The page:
“It wasn’t just politics and spending, though; the alien announcement also caused huge issues within religions across the world.”
“Well, people are free to practice any religion in AmEarth, just like how it was in America, and there is still a separation of church and state. However, that separation is much stronger now.”
“Basically, the moment that alien life was confirmed, it became difficult for religions to cope. Some tried to embrace this new development, like the Catholic Church, which went on a campaign to baptize the aliens. However, in reality, the situation became untenable and their followers dwindled even further.”
“If we’re ‘made in God’s image,’ then these Keplerians are obviously not. I mean, they are physically different than us, but what does that mean? No religion of the past had made any provisions for aliens!”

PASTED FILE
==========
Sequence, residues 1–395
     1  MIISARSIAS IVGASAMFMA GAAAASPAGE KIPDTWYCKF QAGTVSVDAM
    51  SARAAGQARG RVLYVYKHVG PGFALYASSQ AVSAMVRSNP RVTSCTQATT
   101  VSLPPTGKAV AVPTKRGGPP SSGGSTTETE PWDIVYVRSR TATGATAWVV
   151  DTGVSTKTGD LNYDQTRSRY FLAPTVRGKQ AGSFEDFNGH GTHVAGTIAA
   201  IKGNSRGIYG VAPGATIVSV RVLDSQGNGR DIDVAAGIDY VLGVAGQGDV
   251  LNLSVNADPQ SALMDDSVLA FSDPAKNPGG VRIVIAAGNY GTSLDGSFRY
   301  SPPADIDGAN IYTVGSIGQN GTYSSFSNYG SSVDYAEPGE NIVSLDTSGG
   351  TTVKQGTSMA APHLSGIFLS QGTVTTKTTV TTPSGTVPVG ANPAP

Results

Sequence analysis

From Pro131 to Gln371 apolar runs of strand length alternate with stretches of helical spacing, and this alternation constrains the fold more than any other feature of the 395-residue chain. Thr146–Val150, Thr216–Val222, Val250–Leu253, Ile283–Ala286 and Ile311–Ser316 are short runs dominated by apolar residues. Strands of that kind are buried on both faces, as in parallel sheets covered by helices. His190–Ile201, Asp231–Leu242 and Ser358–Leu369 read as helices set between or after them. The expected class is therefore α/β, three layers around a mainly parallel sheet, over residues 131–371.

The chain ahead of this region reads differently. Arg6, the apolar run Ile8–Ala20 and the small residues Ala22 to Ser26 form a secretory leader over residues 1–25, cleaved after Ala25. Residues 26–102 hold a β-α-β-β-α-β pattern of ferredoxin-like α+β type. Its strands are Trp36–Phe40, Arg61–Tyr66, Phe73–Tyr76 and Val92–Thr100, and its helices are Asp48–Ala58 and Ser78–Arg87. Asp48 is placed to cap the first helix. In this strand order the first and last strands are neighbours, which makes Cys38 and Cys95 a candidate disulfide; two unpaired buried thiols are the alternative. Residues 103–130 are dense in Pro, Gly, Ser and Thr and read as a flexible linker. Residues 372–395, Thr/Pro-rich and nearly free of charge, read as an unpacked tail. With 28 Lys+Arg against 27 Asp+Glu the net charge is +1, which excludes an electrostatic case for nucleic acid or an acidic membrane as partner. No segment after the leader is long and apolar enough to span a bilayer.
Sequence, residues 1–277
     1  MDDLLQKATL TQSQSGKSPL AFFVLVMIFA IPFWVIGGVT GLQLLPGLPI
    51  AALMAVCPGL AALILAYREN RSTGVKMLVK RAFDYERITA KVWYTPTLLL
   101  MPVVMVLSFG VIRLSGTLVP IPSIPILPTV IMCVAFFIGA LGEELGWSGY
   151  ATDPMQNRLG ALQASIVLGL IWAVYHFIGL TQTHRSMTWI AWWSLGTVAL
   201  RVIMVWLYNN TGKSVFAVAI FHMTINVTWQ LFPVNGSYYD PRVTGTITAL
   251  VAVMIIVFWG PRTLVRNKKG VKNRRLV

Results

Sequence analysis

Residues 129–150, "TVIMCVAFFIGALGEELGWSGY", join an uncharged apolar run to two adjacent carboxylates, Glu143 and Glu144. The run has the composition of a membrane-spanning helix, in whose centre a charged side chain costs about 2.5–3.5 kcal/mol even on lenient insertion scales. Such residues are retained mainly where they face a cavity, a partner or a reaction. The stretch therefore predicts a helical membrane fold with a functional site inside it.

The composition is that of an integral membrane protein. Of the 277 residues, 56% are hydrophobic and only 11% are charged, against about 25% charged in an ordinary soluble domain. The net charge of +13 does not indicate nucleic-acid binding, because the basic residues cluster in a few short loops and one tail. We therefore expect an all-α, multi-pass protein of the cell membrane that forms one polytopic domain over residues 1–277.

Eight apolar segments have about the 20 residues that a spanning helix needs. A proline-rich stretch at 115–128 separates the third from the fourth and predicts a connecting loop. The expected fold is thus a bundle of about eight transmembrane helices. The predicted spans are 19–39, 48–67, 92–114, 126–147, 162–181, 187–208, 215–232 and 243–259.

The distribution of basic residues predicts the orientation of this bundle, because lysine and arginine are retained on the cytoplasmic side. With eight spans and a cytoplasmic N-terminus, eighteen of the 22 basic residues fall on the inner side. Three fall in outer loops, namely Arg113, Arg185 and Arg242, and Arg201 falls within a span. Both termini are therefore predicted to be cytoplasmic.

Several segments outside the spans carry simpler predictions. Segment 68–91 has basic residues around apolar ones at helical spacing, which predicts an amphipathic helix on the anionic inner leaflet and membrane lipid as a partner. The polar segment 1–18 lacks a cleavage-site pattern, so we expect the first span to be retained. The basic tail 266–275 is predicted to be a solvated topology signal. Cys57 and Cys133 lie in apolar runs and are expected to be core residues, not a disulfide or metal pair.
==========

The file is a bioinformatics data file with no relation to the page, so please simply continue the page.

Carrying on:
“Most people that I know believe in God.”
“I believe in a God, too, Scott…sort of. But I can no longer conform to a single religion. I believe in a greater energy—a life force.”
“I don’t,” Scott replied confidently.
“That’s fine. People have the right to believe whatever they want. One good thing that AmEarth has managed to do is eliminate most religious extremism. That’s no longer such a huge problem as it was in the past. Extremists can try to live in the Dark Ages, but the younger generation is not going back. AmEarth is helping people get a better education and find opportunities; fortunately, that’s stopping a lot of that past craziness.”
“AmEarth is antireligion?”
“No, no…AmEarth is a secular government that believes in freedom of religion. It believes that all forms of education should be evidence-based, so scientific thought is not compromised. The thing is, when you educate purely through science, most religions fade behind the facts. AmEarth is pro-science. There was a time when evolution was being contested, and even refuted in certain backward areas, but it can no longer be removed from school curriculums.”